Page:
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Proximity to a tobacco store and smoking cessation: a cohort study
  1. Jaana I Halonen1,
  2. Mika Kivimäki1,2,
  3. Anne Kouvonen3,4,
  4. Jaana Pentti1,
  5. Ichiro Kawachi5,
  6. S V Subramanian5,
  7. Jussi Vahtera1,6
  1. 1Finnish Institute of Occupational Health, Kuopio, Turku and Helsinki, Finland
  2. 2Department of Epidemiology and Public Health, University College London Medical School, London, UK
  3. 3School of Sociology, Social Policy and Social Work, Queen's University Belfast, Belfast, UK
  4. 4UKCRC Centre of Excellence for Public Health (NI), Queen's University Belfast, Belfast, UK
  5. 5Department of Society, Human Development and Health, Harvard School of Public Health, Boston, Massachusetts, USA
  6. 6Department of Public Health, University of Turku, Turku University Hospital, Turku, Finland
  1. Correspondence to Dr Jaana I Halonen, Finnish Institute of Occupational Health, Neulaniementie 4, Kuopio 70101, Finland; jaana.halonen{at}ttl.fi

Abstract

Background It is not clear whether the availability of tobacco affects the likelihood of smoking cessation. We examined whether the proximity to a tobacco store and the number of stores were associated with smoking cessation, and compared results for proximity variables based on walking and straight-line (as the crow flies) distance.

Methods The study population consisted of 8751 baseline smokers from the Finnish Public Sector study in 1997–2005. Smoking intensity (cigarettes/day) was determined at baseline and smoking cessation was determined from a follow-up survey in 2008–2009. Proximity was measured using straight-line and walking distance from home to the nearest tobacco store, and another exposure variable was the number of stores within 0.50 km from home. We calculated associations with log-binomial regression models, adjusting for individual-level and area-level confounders.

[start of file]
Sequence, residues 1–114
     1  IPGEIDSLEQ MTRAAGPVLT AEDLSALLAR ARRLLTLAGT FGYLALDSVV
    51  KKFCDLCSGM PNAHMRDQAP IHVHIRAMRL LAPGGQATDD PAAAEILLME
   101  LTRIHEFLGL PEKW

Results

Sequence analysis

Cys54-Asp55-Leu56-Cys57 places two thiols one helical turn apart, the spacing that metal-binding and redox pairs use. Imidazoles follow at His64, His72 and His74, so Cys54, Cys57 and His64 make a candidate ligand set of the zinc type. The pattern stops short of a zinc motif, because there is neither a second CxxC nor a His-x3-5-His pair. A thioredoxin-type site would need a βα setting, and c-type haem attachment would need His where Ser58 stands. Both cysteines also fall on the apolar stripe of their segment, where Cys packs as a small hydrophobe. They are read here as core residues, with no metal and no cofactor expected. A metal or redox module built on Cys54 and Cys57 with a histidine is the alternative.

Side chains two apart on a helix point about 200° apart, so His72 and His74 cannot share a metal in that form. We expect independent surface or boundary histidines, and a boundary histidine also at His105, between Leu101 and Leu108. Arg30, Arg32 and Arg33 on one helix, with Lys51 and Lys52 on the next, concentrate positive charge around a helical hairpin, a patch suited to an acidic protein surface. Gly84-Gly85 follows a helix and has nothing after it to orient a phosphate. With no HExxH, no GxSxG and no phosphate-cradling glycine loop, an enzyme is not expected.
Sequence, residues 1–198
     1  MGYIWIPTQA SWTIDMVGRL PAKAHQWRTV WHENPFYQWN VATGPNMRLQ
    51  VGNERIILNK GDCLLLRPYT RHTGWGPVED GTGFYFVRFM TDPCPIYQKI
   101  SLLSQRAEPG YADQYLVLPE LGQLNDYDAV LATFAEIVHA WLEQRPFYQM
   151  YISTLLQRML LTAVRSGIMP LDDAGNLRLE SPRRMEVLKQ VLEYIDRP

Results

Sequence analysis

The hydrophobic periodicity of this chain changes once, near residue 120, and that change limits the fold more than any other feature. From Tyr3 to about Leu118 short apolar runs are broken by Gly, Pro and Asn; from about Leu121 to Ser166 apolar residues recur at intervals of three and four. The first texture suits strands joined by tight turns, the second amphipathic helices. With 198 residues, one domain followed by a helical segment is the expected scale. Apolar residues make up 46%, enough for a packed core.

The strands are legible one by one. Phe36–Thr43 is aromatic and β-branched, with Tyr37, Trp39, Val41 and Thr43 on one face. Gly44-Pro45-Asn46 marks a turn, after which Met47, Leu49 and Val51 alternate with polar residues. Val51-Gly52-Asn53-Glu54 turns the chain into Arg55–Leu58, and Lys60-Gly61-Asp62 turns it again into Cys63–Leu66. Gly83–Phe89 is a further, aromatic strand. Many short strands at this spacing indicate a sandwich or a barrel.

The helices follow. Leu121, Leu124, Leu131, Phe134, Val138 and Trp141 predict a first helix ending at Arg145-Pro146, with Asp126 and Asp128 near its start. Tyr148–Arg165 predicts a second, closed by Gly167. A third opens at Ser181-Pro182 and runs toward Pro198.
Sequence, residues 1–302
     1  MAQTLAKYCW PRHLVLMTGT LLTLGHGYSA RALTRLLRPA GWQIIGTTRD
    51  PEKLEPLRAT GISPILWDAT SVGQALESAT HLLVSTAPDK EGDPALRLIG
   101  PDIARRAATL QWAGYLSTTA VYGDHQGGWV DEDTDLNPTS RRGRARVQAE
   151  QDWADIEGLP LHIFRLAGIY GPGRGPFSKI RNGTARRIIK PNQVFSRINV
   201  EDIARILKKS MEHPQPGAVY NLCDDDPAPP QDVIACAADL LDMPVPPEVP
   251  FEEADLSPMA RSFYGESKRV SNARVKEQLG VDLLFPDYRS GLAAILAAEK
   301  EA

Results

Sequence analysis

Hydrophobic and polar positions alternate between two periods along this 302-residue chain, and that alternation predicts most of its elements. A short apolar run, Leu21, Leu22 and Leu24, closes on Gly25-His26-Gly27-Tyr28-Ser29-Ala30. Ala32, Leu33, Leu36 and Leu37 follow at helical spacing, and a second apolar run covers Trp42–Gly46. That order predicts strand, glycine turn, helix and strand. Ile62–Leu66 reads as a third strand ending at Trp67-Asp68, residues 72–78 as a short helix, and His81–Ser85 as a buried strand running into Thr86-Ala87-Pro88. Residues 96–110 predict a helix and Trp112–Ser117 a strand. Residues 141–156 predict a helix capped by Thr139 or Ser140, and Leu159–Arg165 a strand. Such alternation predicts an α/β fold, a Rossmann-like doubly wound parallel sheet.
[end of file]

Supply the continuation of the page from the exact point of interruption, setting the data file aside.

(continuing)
Results Of the participants, 3482 (39.8%) quit smoking during the follow-up (mean follow-up 5.5 years, SD 2.3 years). Among men who were moderate/heavy smokers at baseline and lived <0.50 km walking distance from the nearest tobacco store, the likelihood of smoking cessation was 27% (95% CI 12% to 40%) lower compared with those living ≥0.50 km from a store. Having even one store within 0.50 km walking distance from home decreased cessation in men who were moderate/heavy smokers by 37% (95% CI 19% to 51%). No decrease was found for men who were light smokers at baseline or for women.

Conclusions Living within walking distance of a tobacco store reduced the likelihood of smoking cessation among men who were moderate/heavy smokers.

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